Recently, as part of a writing exercise, I was instructed take a short walk around Temple Bar and write about what I noticed or was inspired by. I left my bag in the classroom and went for a wander.
I’ve walked through Temple Bar many times. What I really noticed was not having a handbag.
It was a completely new experience. My shoulder wasn’t tensed, keeping the strap up. My hand wasn’t clenched around it. I wasn’t paranoid that someone would snatch it or take something from me. I didn’t have to obsessively check it to make sure I still had everything. I wasn’t dodging people and doorways and stands. Nothing was banging off my hip or poking my thigh.
Some people walk around all the time feeling this liberated. Phone, wallet and keys in their pockets, free to swing their arms. Most are like me, though, lugging around a sack full of emergency supplies and crap.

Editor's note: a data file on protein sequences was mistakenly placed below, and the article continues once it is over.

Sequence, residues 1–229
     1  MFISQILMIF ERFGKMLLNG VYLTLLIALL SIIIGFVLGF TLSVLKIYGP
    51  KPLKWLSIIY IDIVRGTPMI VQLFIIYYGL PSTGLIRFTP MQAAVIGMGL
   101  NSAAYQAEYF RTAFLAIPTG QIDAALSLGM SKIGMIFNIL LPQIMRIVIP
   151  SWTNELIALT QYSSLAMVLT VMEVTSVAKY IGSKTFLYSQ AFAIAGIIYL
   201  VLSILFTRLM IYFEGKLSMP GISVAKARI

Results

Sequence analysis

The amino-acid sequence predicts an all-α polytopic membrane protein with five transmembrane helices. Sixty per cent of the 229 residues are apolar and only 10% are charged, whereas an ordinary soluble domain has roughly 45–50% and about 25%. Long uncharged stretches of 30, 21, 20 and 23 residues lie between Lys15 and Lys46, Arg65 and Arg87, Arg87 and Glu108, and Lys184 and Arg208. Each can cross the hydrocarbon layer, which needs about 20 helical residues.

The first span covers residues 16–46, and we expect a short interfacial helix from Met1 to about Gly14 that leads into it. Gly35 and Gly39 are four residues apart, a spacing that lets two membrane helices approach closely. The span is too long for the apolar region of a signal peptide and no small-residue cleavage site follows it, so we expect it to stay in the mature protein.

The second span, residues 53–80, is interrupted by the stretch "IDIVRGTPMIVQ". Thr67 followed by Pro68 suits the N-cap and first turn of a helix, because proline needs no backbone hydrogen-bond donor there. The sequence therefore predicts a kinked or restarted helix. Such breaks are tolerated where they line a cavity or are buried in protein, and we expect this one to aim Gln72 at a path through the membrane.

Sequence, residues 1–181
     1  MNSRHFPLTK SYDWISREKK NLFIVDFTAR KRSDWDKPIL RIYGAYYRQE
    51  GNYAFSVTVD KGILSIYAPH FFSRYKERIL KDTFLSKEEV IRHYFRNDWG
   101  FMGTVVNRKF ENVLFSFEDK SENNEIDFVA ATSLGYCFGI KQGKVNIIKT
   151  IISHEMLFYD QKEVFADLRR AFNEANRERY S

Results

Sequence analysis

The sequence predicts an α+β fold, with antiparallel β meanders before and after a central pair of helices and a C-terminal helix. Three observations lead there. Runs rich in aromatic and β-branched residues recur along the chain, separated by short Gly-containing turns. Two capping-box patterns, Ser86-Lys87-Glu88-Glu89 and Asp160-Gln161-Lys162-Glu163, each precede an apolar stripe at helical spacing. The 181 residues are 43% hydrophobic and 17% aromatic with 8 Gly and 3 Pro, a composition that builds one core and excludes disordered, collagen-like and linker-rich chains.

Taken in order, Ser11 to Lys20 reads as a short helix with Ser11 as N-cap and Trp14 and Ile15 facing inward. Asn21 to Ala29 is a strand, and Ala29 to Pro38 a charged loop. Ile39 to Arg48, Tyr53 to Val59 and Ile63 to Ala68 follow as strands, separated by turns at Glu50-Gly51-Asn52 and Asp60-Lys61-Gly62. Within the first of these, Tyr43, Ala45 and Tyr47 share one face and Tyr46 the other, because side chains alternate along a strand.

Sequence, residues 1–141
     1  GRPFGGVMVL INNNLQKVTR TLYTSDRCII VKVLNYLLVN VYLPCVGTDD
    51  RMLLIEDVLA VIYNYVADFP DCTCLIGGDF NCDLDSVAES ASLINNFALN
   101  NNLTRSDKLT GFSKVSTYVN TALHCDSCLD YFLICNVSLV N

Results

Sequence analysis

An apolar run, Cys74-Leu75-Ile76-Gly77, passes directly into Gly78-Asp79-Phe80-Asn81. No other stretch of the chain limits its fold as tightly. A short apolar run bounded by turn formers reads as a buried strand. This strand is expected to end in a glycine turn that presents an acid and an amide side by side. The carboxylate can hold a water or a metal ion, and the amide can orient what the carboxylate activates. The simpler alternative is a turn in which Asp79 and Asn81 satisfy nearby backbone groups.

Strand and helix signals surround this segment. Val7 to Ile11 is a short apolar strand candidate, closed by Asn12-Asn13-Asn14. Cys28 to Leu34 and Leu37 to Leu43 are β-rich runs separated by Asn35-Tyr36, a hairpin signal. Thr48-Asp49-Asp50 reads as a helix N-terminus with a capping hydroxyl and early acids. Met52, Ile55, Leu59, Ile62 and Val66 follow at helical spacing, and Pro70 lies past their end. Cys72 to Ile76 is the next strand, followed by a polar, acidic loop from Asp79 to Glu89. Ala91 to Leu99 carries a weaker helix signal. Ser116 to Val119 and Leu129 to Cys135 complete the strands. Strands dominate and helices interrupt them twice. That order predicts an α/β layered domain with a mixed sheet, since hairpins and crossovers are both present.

I walked around for ten minutes and I didn’t even need my bag. I didn’t need my notebook or my diary or my book or my kindle or handcream or a packet of tissues or antibacterial gel or a biscuit or lipstick or a hairbrush or a tampon or another lipstick or gum. I didn’t need the pistachio shells or the change that rattles around the bottom, either.
But I might. Leaving the house without my bag is a risk. A risk that I won’t need to freshen my lipstick, or that I won’t get bored on a train, or that I won’t sneeze. It’s a risk I’m not willing to take.
There may come a day where I do sneeze and I get bored and hungry and my hands are dry and I need exactly 11c.
When that day comes, I’ll be prepared.
We all will.